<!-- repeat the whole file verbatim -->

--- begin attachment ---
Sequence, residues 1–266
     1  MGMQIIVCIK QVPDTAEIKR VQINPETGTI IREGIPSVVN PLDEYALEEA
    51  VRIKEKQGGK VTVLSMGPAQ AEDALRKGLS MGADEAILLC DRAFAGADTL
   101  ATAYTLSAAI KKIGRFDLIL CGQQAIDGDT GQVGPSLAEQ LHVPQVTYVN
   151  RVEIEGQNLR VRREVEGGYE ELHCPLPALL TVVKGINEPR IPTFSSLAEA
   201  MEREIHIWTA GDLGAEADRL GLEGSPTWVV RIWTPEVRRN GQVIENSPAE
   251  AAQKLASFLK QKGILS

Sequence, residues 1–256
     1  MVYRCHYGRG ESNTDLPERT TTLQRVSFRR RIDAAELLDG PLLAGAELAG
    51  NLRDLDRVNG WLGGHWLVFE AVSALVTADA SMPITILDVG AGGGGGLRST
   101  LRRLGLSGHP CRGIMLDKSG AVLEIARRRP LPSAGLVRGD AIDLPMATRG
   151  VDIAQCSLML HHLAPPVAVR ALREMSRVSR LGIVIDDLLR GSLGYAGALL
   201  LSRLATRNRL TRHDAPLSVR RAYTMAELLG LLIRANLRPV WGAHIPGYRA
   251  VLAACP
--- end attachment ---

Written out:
Sequence, residues 1–266
     1  MGMQIIVCIK QVPDTAEIKR VQINPETGTI IREGIPSVVN PLDEYALEEA
    51  VRIKEKQGGK VTVLSMGPAQ AEDALRKGLS MGADEAILLC DRAFAGADTL
   101  ATAYTLSAAI KKIGRFDLIL CGQQAIDGDT GQVGPSLAEQ LHVPQVTYVN
   151  RVEIEGQNLR VRREVEGGYE ELHCPLPALL TVVKGINEPR IPTFSSLAEA
   201  MEREIHIWTA GDLGAEADRL GLEGSPTWVV RIWTPEVRRN GQVIENSPAE
   251  AAQKLASFLK QKGILS

Sequence, residues 1–256
     1  MVYRCHYGRG ESNTDLPERT TTLQRVSFRR RIDAAELLDG PLLAGAELAG
    51  NLRDLDRVNG WLGGHWLVFE AVSALVTADA SMPITILDVG AGGGGGLRST
   101  LRRLGLSGHP CRGIMLDKSG AVLEIARRRP LPSAGLVRGD AIDLPMATRG
   151  VDIAQCSLML HHLAPPVAVR ALREMSRVSR LGIVIDDLLR GSLGYAGALL
   201  LSRLATRNRL TRHDAPLSVR RAYTMAELLG LLIRANLRPV WGAHIPGYRA
   251  VLAACP